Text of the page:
|Publication number||US4776980 A|
|Application number||US 07/115,442|
|Publication date||11 Oct 1988|
|Filing date||30 Oct 1987|
|Priority date||20 Mar 1987|
|Also published as||EP0354929A1, EP0354929A4, WO1989004540A1|
|Publication number||07115442, 115442, US 4776980 A, US 4776980A, US-A-4776980, US4776980 A, US4776980A|
|Inventors||Robert S. Ruffini|
|Original Assignee||Ruffini Robert S|
|Export Citation||BiBTeX, EndNote, RefMan|
|Patent Citations (23), Referenced by (44), Classifications (16), Legal Events (4)|
|External Links: USPTO, USPTO Assignment, Espacenet|
This application is continuation-in-part of application Ser. No. 029,348, filed Mat. 20, 1987, now abandoned which is a continuation of application Ser. No. 876,219, filed June 19, 1986, now abandoned.
This invention relates generally to compositions useful in fabricating blocks or inserts for inductors, and more particularly to compositions useful in fabricating blocks or inserts for inductors used in induction heating. The invention also relates to the inductor manufactured using such blocks or inserts, the method of making the composition and the inductor, and the method of employing the inductor in the heat-treatment of workpieces.
Inductors or inductor coils are generally used to heat conductive material by currents induced by varying an electromagnetic field. Electromagnetic energy is transferred from the inductor to a workpiece. For purposes of analogy, if the inductor coil is considered to be the primary winding of a transformer, then the workpiece which is about to be heated would be considered the single-turn secondary. When an alternating current flows in the primary coil or inductor, secondary current will be induced in the workpiece. These induced currents are called eddy currents and the current flowing in the workpiece can be considered as the summation of all of the eddy currents. Heat is generated in the workpiece by hysteresis and eddy current losses, with the heat generated being a result of the energy expended in vvercoming the electrical resistance of the workpiece. Typically, close spacing is used between the inductor coil and the workpiece, and high coil currents are used to obtain maximum induced eddy currents and resulting high heating rates.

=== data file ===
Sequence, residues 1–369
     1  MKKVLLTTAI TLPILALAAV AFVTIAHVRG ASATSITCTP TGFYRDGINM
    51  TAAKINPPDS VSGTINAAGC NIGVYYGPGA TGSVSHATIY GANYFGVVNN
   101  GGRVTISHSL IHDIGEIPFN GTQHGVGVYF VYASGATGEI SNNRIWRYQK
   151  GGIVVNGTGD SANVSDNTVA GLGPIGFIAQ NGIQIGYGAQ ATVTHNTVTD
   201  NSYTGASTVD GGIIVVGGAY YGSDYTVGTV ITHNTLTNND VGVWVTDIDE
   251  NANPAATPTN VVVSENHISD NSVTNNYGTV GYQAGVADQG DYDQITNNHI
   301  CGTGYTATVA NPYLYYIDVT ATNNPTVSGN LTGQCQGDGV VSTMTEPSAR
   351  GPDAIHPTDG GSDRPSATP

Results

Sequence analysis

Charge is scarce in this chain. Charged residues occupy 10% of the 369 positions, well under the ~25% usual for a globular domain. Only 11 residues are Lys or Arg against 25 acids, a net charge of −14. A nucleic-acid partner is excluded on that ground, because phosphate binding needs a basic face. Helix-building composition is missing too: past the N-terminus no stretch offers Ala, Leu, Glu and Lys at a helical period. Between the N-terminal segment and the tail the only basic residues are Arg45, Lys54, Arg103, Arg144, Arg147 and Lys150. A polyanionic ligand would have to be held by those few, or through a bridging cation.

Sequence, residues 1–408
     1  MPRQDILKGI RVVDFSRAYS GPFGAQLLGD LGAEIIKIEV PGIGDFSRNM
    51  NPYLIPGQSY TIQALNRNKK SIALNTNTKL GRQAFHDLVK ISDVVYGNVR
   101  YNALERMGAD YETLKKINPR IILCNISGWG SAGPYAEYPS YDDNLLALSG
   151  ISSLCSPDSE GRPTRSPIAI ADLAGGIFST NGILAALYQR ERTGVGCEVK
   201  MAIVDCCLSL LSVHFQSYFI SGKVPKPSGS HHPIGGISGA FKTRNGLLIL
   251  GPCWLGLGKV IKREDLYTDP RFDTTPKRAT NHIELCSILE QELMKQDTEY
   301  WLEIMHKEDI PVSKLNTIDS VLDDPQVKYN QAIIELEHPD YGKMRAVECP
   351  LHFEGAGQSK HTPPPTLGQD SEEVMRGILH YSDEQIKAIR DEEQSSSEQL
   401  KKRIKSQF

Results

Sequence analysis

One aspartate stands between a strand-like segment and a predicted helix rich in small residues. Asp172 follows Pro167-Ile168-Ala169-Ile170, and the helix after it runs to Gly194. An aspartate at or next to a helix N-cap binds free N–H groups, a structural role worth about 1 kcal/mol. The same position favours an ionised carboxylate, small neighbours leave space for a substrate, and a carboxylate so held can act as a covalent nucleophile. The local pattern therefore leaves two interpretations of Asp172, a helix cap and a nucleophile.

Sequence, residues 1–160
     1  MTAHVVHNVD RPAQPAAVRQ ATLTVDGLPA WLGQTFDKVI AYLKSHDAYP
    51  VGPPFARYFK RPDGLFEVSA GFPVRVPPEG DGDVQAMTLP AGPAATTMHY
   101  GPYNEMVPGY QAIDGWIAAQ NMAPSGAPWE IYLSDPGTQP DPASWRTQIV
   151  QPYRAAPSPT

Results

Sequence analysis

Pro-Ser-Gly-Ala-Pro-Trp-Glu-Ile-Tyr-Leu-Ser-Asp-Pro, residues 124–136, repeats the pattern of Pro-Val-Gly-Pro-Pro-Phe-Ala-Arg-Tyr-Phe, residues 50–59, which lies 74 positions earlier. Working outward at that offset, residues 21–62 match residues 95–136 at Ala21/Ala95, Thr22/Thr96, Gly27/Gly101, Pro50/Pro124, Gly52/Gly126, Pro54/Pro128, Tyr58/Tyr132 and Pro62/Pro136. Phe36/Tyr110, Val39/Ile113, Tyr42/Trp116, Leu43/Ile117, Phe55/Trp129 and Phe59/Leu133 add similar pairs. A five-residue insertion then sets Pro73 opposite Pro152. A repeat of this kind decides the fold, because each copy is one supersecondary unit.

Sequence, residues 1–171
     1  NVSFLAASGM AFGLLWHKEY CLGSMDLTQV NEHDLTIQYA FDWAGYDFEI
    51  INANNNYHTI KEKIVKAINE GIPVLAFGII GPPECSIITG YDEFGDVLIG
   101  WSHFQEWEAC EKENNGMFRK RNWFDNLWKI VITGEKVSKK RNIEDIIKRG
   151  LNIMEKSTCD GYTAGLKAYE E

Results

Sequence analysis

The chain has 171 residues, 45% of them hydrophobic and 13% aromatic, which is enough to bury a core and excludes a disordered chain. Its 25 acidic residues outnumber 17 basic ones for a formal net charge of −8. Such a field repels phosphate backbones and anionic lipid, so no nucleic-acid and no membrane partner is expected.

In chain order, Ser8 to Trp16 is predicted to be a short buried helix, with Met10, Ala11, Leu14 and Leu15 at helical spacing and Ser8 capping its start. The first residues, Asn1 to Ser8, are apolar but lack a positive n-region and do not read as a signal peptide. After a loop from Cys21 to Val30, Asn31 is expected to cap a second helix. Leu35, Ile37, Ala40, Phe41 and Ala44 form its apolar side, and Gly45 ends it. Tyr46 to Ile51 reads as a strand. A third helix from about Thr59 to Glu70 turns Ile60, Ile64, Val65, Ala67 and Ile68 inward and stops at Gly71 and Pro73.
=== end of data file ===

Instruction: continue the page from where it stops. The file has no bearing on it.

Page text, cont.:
Induction heating is widely employed in the metal working industry to heat metals for soldering, brazing, annealing, hardening, forging, induction melting and sintering, as well as for other various induction heating applications. As compared to other conventional processes, induction heating has several inherent advantages. First, heating is induced directly into the material. It is therefore an extremely rapid method of heating. It is not limited by the relatively slow rate of heat diffusion in conventional processes using surface contact or radiant heating methods. Second, because of a skin effect, heating is localized and the area of the workpiece to be heated is determined by the shape and size of the inductor coil. Third, induction heating is easily controllable, resulting in uniform high quality of the product. Fourth, induction heating lends itself to automation, in-line processing, and automatic process cycle control. Fifth, start-up time is short, and thus standby losses are low or nonexistent. And sixth, working conditions are better because of the absence of noise, fumes, and radiated heat. Of course, there are also other advantages.